Getting Cover Crops Off The Starting Block

Whether it’s aerial, broadcast, drilling or a highboy, here are valuable tips for no-tillers on the art of properly seeding covers.

Before the many benefits of cover crops can be reaped, the plants must first be successfully established.

As of yet, there is no surefire way to guarantee establishment. But innovative no-tillers and researchers are gaining experience and finding success with a variety of seeding methods, whether it’s aerial, drilling broadcasting or using a high-clearance seeder.

Each method has its benefits, drawbacks and challenges, and no-tillers must choose the option that best suits their timing, climate, farm, rotation, equipment and experience.

No-Till Farmer asked experts who’ve been refining their cover-crop systems for years to walk us through each type of seeding method.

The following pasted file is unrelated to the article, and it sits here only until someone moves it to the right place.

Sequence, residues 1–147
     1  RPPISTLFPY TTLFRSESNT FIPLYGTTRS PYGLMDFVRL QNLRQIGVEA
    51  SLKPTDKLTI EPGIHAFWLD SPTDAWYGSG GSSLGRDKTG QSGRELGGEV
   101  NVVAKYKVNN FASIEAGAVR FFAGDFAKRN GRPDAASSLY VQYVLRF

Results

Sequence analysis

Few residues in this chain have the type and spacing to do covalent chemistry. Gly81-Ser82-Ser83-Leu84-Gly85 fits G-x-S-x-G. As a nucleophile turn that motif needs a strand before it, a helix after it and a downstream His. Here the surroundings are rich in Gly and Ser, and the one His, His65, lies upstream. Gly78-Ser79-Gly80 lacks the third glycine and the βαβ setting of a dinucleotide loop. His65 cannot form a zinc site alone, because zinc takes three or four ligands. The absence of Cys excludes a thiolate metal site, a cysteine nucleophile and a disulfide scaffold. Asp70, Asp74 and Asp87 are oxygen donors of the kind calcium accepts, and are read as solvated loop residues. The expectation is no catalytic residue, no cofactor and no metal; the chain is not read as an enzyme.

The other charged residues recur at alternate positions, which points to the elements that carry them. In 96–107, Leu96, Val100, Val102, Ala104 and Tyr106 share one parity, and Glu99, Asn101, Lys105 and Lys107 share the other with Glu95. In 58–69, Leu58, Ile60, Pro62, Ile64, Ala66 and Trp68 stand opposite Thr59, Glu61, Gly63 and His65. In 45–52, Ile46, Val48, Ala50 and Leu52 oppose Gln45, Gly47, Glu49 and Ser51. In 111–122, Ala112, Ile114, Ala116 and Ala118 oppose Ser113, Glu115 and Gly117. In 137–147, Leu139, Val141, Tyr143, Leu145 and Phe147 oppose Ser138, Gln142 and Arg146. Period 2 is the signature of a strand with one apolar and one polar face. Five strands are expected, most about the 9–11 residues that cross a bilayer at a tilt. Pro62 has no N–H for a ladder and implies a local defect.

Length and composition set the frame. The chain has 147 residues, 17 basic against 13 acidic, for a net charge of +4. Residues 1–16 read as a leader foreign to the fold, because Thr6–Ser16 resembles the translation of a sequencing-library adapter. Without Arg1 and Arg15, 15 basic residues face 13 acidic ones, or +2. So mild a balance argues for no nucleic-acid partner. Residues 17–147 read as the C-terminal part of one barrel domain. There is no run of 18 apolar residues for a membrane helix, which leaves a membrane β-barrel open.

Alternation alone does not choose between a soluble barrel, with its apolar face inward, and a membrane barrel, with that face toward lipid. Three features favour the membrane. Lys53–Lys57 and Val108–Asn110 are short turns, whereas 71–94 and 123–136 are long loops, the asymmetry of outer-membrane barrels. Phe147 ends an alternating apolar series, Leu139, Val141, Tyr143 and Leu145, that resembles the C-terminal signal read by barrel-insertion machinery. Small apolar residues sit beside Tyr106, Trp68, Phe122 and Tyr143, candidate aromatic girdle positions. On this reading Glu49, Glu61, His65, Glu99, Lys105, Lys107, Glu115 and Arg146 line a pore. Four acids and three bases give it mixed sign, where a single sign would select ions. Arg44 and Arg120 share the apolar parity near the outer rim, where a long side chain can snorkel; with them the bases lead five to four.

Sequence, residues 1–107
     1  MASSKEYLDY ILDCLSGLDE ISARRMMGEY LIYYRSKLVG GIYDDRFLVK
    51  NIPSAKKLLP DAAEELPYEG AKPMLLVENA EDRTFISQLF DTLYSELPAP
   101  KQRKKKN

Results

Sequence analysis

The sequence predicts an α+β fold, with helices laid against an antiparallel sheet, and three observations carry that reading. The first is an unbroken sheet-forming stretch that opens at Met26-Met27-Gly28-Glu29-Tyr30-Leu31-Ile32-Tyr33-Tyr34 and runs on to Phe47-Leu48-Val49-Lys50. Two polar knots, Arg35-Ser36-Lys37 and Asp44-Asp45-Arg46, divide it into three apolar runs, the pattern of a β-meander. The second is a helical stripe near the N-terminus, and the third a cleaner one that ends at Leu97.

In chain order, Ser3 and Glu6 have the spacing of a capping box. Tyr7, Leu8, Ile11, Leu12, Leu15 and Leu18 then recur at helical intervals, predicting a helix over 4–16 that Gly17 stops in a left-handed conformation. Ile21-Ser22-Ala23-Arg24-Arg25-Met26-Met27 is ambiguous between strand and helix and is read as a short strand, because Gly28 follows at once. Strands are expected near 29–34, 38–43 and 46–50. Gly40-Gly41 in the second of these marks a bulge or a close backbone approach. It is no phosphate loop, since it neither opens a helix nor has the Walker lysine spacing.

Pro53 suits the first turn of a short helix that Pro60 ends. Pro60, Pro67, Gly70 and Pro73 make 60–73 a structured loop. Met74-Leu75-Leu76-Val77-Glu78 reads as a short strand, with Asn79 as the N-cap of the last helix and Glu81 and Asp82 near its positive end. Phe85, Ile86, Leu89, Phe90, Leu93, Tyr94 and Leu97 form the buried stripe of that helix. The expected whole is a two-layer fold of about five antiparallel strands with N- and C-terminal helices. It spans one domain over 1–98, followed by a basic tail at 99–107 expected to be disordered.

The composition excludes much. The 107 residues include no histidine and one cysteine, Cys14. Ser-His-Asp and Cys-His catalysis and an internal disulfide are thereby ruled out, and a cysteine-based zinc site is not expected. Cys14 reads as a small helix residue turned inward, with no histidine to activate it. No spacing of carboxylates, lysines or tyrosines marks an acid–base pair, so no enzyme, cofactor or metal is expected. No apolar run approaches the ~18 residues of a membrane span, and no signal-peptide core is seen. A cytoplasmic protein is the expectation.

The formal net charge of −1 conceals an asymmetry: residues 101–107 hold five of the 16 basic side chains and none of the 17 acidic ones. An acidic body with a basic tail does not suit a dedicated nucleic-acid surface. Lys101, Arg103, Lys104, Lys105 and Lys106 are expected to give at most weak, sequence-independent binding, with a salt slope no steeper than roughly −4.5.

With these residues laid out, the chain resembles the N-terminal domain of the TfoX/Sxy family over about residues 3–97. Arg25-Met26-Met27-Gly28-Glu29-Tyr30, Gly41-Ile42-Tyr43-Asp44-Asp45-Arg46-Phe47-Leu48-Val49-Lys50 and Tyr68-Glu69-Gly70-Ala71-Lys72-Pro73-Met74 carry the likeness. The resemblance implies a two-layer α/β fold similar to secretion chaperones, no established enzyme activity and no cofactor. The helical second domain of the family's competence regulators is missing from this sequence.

They offer the following advice for no-tillers just getting into cover crops, and also those looking to change methods or improve the success of their current methods.


Cons: Drilling is effective for seeding most any cover crop. However, because it must be done after harvest, the timing might limit cover-crop choices. Cereal rye is the best option for late planting in the central Corn Belt, says Joel Gruver, soils specialist at Western Illinois University. He says it can be seeded up to Thanksgiving and even beyond.

Pros: The drill could be the most reliable way to seed cover crops because it can achieve excellent seed-to-soil contact critical for good germination and reduced seeding rates.


Cons: Many no-tillers in the Corn Belt don’t have a drill. If they do, it’s likely to be a smaller, 15-foot model, Gruver adds.

“Cost of maintaining and operating the drill, timing of seeding…

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Martha mintz new

Martha Mintz

Since 2011, Martha has authored the highly popular “What I’ve Learned About No-Till” series that has appeared in every issue of No-Till Farmer since August of 2002.

Growing up on a cattle ranch in southeastern Montana, Martha is a talented ag writer and photographer who lives with her family in Billings, Montana.

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